Litterbugs can now be fined up to $50,000 for careless disposal of waste, but these new laws are already clashing with the Municipal Act which governs the Mayor and City Council (M&CC); the constitutional body tasked with managing the capital.
The Council’s Solid Waste Director, Walter Narine told attendees of the Council’s budget reading last week that under the Ministry of Natural Resources and Environment, along with the Environmental Protections Agency (EPA), new regulations have been put in place to tackle the garbage crisis by putting in place stiffer penalties for those littering the city.
He explained that among the new regulations are implementations where persons found littering will be served littering tickets on the spot; which will mean they will have fines to pay. It also includes motor vehicle drivers bearing the responsibility for anyone throwing litter out of their vehicles. It was added that for now, some 12 litter wardens will be hired to monitor public areas; specifically for litterbugs.
Where the M&CC under the Municipal and District Act Chapter 28:01; is allowed to fine persons $10,000 for littering, the EPA can now fine a person $50,000.
The Solid Waste Director told the gathering that he would be working closely with the agencies involved in this regard.
Chief Constable Andrew Foo also recognized the new regulations being enforced and said that the Constabulary is in discussions with the EPA over its implementation. He said the new regulations are being made known, but the Constabulary currently enforces the bylaws against dumping and littering of the Municipal Act of 28:01.
He said, however, that in discussions about the new regulations better mechanisms for prosecuting perpetrators are being looked at, while adding that significant interest is being placed in the setting up of a hotline for concerned persons to make reports against those littering indiscriminately.
This was a suggestion forwarded by a concerned citizen during last week’s budget reading. To that, Foo said that it is necessary for the hotline so that citizens making a report against someone can do so.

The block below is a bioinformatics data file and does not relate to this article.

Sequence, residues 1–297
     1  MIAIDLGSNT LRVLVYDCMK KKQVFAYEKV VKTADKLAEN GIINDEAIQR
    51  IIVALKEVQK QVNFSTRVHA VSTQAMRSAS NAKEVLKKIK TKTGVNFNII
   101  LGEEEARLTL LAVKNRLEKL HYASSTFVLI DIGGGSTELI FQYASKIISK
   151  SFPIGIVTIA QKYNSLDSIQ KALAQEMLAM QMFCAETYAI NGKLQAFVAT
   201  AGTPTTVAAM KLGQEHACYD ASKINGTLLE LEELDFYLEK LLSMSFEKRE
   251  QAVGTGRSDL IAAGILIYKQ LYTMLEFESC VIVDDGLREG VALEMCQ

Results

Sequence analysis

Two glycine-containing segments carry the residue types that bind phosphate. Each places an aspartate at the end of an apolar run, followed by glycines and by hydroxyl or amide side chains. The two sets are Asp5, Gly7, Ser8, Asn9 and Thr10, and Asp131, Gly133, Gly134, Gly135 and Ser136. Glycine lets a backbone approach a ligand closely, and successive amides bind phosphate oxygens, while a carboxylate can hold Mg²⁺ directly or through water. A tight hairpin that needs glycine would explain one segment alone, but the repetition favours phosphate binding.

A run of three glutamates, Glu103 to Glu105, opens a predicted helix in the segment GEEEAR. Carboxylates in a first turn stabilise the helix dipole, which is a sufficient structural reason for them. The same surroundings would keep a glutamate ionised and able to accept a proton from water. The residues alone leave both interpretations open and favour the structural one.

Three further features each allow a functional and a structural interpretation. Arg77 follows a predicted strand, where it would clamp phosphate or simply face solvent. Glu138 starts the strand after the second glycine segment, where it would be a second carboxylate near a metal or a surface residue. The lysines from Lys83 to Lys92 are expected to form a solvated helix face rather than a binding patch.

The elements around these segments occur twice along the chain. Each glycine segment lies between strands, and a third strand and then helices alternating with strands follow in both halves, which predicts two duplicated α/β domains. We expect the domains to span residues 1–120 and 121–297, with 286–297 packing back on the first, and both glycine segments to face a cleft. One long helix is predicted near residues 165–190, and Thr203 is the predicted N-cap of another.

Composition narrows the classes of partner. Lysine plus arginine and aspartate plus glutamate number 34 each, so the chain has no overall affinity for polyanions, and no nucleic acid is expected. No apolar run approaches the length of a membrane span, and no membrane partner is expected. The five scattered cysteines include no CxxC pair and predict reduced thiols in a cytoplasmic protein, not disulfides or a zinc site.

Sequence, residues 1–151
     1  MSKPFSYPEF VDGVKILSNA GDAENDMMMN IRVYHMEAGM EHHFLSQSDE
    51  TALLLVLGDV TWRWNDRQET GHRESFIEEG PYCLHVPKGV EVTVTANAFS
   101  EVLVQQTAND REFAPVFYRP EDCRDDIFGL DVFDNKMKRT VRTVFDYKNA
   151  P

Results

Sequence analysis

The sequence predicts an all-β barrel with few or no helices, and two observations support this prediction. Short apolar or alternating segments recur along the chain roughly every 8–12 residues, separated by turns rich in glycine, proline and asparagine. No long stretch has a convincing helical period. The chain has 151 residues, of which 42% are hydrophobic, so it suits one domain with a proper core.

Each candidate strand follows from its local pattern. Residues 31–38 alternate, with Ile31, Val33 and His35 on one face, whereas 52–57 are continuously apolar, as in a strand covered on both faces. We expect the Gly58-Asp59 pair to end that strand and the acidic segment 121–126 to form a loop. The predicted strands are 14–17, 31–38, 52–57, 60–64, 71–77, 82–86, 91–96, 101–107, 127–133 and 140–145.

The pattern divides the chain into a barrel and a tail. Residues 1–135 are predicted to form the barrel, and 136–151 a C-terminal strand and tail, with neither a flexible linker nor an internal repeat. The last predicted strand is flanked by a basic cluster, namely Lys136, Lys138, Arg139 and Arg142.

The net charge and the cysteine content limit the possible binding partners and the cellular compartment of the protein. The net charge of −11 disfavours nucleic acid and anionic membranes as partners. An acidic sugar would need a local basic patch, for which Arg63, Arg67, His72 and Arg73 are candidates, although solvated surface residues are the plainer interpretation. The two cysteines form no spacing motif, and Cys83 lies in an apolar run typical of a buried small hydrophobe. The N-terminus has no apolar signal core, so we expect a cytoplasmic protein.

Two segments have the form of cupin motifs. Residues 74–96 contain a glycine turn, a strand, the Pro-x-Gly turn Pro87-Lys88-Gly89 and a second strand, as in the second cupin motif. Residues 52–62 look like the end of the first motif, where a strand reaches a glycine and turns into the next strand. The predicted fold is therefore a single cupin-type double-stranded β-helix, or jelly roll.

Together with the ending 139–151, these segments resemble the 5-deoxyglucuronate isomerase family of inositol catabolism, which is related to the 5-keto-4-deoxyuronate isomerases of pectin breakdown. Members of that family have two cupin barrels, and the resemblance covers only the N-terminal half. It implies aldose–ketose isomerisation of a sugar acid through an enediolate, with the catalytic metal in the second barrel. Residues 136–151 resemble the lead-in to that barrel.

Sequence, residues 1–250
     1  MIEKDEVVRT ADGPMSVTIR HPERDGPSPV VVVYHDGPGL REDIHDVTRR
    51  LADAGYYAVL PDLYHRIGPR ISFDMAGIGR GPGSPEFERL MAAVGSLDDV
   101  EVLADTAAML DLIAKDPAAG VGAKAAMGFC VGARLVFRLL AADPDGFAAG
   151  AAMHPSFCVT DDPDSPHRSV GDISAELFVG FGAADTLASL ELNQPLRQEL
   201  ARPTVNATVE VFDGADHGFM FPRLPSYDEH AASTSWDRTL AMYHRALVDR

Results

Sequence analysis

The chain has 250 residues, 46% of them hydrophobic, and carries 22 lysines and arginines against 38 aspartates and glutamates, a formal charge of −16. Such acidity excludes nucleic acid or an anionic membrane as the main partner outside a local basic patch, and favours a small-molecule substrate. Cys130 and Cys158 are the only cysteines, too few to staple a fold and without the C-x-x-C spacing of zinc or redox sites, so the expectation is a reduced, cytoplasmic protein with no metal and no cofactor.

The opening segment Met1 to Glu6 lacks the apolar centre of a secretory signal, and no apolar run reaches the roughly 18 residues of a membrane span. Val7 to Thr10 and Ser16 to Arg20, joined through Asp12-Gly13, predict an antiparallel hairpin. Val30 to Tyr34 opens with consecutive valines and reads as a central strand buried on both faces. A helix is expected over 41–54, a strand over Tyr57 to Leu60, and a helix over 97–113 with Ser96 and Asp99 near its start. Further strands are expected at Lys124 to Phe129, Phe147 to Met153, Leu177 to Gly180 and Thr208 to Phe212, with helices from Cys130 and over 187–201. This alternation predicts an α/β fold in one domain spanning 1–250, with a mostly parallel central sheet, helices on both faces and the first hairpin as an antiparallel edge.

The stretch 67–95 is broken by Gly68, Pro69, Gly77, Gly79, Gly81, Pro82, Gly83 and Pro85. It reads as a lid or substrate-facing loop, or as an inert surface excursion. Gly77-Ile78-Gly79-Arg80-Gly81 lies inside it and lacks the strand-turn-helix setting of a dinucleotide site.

It was also suggested by another citizen that certain measures could be put in place to encourage a cleaner city. It included tax exemptions for corporations who take a specific community and invest in its development and good keeping. To that suggestion, Town Clerk Carol Sooba pointed out that the Municipal Act caters for persons who take pride in their surroundings to get 10 percent exemption in taxes.
However, while City Councilors encourage an increase in littering fines they raised several concerns about the development. Deputy Mayor Patricia Chase- Green told Kaieteur News that, “while Chapter 28:01of the Public Health Act gives the authority to the Council for littering; a fine of $10,000 payable to the Court, which we don’t collect, we understand that litter wardens have the authority to arrest and fine up to $50,000 in Georgetown.” Chase- Greene said that monies from persons littering are not paid to the Council, but it is understood that this new law “overrides” that of the Council.
Both Chase – Green and Mayor Hamilton Greene are of the view that the new regulations should be for any other public space, but not the city; since the Council is not given the authority or resources to effectively manage it.
The Deputy Mayor added that no consultation was held with the Council over the new laws that override the Municipal Act for Georgetown. Chase- Green said she learnt about the new laws at a forum that was attended by the Minister of Local Government, but the executives of the Council including the Mayor and the Deputy Mayor were not made aware of the issue. The Deputy Mayor believes that the implementation of the new laws is conflicting and confusing.
Without consultations or information to the Council, she believes that it is another strategy that takes away the powers of the City Council.
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